And today we’re going to talk about the Spikeball serve. We’re going to go over some tips, proper positioning, proper form and help you build your roundnet serve arsenal so you can use them when you play with your friends. Let’s get started!
The basic Spikeball service
First, we need to understand the basic Spikeball serve pattern. Start by facing the net. Get into a strong position by turning to the side, as if you were going to throw a ball. Hold the ball in the hand opposite the one you are going to serve with. The serving hand is up and ready to hit. Your weight should be on your back foot and you will shift it to your front foot in your hitting motion. Be sure to throw the ball in front of you and hit it towards the net, making sure your arm ends up on the other side of your body. Accuracy is important when serving and you should aim for the middle of the net or the side of the net closest to you to have the best chance of serving cleanly.
If you hit the other side of the net when serving, the ball may be pocketed or travel high, resulting in a fault. Remember, you are entitled to a second serve at the roundhouse if you foul your serve.
The 5 different services in Spikeball
There are a variety of Spikeball services you can try that can throw your opponents off balance or address one of their weaknesses.
1. The dropshot serve
The dropshot serve consists of serving the ball just off the net to make the defense move forward or even drop it to the ground. It’s most effective when you combine it with a strong serve and some deception to keep the returning player guessing.
2. The Fwango Serve
The Fwango serve is an excellent serve designed to attack the attacker’s non-dominant hand, which is the presumed weakness of most opponents. Since most people are right-handed, this serve strategy can also be used if you serve your opponent with your non-dominant hand.
3. The cut serve
The cut serve is when you apply a spin to the ball and it cuts the net away from your opponent, just like in any other sport, and it takes a weird bounce.
4. The hidden serve
The hidden serve is a Spikeball serve as the name implies that wants to hide the direction of the ball.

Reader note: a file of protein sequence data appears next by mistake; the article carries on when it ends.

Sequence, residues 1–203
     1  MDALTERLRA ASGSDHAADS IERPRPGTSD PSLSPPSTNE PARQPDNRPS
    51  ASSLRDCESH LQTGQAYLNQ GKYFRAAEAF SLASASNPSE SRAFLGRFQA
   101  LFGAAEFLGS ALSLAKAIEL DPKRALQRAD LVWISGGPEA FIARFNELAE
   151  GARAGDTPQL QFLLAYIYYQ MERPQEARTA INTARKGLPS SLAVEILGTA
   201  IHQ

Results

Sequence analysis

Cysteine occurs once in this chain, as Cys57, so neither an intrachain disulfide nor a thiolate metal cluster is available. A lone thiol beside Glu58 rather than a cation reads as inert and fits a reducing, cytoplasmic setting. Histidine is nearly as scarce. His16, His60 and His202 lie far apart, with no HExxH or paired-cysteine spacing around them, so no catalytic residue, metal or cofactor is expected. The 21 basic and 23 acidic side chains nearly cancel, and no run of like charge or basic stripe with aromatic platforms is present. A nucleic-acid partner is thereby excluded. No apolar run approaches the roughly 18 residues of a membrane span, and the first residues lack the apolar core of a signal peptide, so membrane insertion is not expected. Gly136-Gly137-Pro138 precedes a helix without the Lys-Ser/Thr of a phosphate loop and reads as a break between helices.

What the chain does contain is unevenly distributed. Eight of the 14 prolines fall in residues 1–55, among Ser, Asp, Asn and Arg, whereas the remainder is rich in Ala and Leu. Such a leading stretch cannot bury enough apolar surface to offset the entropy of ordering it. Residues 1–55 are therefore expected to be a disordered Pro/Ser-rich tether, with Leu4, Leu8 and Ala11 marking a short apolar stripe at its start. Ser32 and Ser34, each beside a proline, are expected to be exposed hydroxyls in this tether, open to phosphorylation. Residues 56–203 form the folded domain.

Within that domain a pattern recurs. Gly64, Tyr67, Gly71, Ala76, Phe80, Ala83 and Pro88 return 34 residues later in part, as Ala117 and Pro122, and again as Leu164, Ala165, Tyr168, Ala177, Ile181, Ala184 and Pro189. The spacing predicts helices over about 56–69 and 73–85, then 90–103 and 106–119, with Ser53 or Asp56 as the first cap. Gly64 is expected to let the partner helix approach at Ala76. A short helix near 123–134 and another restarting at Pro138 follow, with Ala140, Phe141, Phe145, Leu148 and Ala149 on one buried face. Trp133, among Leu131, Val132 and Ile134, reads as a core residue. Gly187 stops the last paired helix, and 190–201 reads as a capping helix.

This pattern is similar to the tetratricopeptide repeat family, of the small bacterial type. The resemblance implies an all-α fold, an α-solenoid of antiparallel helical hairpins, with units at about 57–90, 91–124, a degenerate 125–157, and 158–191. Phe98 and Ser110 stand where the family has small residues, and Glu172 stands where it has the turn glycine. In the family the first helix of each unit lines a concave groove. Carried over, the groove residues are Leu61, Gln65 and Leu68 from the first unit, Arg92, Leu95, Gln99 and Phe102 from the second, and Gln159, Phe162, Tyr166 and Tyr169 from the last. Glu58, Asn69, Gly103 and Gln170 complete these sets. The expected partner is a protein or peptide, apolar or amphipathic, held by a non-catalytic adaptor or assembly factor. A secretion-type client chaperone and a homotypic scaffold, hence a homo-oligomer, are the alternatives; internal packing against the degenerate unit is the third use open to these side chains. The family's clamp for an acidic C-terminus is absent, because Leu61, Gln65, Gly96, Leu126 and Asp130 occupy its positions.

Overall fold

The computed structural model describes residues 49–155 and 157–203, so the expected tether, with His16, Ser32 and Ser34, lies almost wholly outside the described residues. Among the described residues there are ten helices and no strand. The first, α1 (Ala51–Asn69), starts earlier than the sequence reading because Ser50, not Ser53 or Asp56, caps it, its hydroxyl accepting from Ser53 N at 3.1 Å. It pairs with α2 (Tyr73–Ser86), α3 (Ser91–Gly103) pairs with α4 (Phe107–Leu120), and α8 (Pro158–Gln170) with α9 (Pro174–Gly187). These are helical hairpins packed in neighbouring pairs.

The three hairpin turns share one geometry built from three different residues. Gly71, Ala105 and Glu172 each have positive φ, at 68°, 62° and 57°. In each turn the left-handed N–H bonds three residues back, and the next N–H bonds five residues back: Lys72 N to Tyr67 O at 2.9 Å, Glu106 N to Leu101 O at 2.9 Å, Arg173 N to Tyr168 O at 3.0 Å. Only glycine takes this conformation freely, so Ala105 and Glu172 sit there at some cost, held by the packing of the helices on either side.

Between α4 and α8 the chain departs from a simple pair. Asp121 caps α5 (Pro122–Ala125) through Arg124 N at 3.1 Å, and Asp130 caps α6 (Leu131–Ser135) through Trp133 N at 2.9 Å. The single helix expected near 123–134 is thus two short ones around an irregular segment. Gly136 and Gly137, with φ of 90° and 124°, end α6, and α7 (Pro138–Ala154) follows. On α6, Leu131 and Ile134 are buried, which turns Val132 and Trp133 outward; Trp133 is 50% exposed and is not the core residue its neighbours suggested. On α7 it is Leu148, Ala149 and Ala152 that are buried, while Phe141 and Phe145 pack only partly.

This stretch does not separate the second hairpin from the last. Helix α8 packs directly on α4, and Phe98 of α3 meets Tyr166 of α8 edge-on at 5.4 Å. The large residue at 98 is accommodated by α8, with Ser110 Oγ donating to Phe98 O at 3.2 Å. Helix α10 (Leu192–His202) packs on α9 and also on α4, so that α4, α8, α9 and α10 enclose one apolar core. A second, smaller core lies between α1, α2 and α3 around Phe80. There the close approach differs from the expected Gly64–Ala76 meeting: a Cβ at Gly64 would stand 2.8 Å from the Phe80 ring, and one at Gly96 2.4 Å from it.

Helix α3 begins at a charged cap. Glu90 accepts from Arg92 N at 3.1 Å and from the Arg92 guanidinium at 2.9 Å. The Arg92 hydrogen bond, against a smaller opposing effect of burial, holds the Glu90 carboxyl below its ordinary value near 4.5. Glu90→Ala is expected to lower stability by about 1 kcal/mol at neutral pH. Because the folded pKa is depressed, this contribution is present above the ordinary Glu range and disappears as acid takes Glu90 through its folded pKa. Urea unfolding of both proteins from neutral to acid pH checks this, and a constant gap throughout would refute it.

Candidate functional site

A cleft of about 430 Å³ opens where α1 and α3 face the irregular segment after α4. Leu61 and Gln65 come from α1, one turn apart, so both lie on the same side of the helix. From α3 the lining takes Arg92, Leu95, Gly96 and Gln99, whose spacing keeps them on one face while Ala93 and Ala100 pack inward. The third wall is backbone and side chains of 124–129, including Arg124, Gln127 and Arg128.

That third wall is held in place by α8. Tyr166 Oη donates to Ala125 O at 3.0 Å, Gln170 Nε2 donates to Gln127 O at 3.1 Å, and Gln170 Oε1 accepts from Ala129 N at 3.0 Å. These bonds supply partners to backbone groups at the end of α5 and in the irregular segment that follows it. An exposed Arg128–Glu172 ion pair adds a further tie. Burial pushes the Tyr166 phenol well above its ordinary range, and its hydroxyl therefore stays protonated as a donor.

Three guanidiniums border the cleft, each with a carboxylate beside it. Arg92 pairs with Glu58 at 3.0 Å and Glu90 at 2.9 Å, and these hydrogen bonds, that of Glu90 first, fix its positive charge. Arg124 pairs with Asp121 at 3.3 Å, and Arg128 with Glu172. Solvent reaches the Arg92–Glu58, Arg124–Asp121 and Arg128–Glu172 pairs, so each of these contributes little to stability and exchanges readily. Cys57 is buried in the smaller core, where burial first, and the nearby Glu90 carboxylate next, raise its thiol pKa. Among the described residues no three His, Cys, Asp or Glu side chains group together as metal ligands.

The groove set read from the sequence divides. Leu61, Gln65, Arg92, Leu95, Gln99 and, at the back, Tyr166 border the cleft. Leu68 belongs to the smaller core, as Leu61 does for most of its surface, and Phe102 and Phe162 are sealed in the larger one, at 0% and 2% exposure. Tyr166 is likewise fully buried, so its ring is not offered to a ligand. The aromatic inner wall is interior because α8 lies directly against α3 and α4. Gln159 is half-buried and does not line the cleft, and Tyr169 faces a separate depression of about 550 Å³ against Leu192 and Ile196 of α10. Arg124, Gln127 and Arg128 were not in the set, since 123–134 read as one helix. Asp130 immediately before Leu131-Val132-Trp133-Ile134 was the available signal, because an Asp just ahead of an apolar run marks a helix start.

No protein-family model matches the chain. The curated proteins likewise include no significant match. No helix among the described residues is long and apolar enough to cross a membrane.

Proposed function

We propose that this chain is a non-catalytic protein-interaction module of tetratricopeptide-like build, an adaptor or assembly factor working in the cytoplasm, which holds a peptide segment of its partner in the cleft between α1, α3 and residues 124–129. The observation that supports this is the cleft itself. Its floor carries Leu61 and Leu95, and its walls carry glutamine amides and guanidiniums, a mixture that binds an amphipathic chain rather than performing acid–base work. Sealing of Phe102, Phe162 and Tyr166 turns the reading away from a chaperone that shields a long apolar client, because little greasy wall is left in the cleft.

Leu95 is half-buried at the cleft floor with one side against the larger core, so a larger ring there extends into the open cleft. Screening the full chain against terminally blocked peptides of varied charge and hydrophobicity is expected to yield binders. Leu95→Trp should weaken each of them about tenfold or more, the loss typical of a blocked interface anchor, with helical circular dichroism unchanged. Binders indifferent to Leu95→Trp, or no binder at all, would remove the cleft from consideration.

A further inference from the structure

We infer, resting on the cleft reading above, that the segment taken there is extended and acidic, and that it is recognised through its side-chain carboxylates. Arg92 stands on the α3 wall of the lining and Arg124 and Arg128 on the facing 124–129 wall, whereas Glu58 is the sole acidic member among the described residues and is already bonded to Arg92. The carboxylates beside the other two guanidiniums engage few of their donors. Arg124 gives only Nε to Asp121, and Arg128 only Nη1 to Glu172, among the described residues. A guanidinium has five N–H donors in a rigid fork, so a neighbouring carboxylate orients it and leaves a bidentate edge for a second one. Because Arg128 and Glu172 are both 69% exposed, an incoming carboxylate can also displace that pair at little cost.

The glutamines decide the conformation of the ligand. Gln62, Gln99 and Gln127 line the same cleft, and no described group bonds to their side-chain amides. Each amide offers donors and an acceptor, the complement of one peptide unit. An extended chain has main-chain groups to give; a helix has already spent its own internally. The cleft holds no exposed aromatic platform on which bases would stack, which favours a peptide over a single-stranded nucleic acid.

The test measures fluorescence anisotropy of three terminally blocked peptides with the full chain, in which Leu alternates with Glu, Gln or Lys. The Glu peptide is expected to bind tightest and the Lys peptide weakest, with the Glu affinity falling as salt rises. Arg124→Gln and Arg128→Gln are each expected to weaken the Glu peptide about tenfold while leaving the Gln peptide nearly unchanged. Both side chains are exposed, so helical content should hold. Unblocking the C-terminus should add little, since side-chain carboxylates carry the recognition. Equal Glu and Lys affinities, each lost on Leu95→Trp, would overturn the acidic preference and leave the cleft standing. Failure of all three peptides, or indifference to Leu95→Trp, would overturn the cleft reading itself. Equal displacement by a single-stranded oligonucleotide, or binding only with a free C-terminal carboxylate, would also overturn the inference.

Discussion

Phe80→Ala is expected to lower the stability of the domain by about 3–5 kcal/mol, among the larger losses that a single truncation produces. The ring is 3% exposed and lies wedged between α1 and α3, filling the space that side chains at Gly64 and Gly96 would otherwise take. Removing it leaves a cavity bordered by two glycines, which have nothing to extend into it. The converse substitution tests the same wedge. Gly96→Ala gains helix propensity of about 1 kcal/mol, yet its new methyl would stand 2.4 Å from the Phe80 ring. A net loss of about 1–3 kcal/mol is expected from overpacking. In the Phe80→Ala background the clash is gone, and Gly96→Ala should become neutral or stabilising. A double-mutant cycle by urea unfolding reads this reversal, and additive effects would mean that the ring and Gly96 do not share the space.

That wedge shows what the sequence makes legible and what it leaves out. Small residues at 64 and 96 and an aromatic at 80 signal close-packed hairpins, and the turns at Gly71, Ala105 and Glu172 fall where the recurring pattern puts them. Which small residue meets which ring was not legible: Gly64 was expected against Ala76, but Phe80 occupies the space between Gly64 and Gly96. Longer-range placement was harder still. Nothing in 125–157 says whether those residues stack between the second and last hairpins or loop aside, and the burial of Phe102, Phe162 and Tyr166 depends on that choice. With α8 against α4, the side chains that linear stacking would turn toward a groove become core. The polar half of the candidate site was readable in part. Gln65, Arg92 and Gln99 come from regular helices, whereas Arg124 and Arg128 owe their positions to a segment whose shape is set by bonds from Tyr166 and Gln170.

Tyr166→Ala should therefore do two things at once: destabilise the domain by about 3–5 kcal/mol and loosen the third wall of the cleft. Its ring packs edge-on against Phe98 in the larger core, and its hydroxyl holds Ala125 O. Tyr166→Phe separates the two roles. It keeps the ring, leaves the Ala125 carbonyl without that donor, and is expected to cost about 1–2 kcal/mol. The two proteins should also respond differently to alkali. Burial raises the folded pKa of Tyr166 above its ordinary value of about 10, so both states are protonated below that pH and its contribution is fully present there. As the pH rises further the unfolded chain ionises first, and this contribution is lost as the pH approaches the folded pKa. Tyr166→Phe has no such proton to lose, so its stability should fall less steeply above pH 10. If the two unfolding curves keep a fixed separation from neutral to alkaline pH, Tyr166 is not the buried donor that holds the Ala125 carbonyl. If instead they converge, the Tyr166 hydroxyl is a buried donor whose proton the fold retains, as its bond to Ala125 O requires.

5. The sidestep serve
The sidestep serve is an excellent serve to force your opponent to move when he returns your serve.
If you are left-handed, the sidestep serve is ideal because you force your opponent to move and you are probably hitting him with his non-dominant hand.
Combine some or all of these serves with the Spikeball to gain an advantage over your opponent when you serve. Use your imagination to create your own serve. We could also tell you
One very important thing to remember when serving is that if you are not able to send a legal serve over the net, you will have no chance of winning that point. Now that you are an expert on serving, take what you just learned and take your game to the next level. Thanks for watching. Ball Out.
10 drills to practice your serve
The following drills will help you master the Spikeball serve. The exercises are classified by level. Remember “practice makes perfect”!
- Level 1: stand one meter from the net, throw the ball to yourself and serve it at the net using a standard serve.
- Level 2: Stand one meter from the net, throw the ball to yourself and serve it at the net using a fwango style serve.
- Level 3: Stand one metre from the net, throw the ball and serve it into the net using a sidestep serve.
- Level 4: Stand one metre from the net, throw the ball and serve it into the net using a dropshot serve.
- Level 5: Stand one metre from the net, throw the ball and serve it into the net using your non-dominant hand.
- Level 6: Stand two metres from the net, throw the ball and serve it into the net using a standard serve.
- Level 7: Stand two metres from the net, throw the ball and serve it into the net using a Fwango serve.
- Level 8: Stand 6 feet from the net, deliver the ball and serve it into the net using a sidestep serve.
- Level 9: Stand 6 feet from the net, deliver the ball and serve it into the net using a dropshot serve.
- Level 10: Stand six feet from the net, deliver the ball and serve it into the net using your non-dominant hand.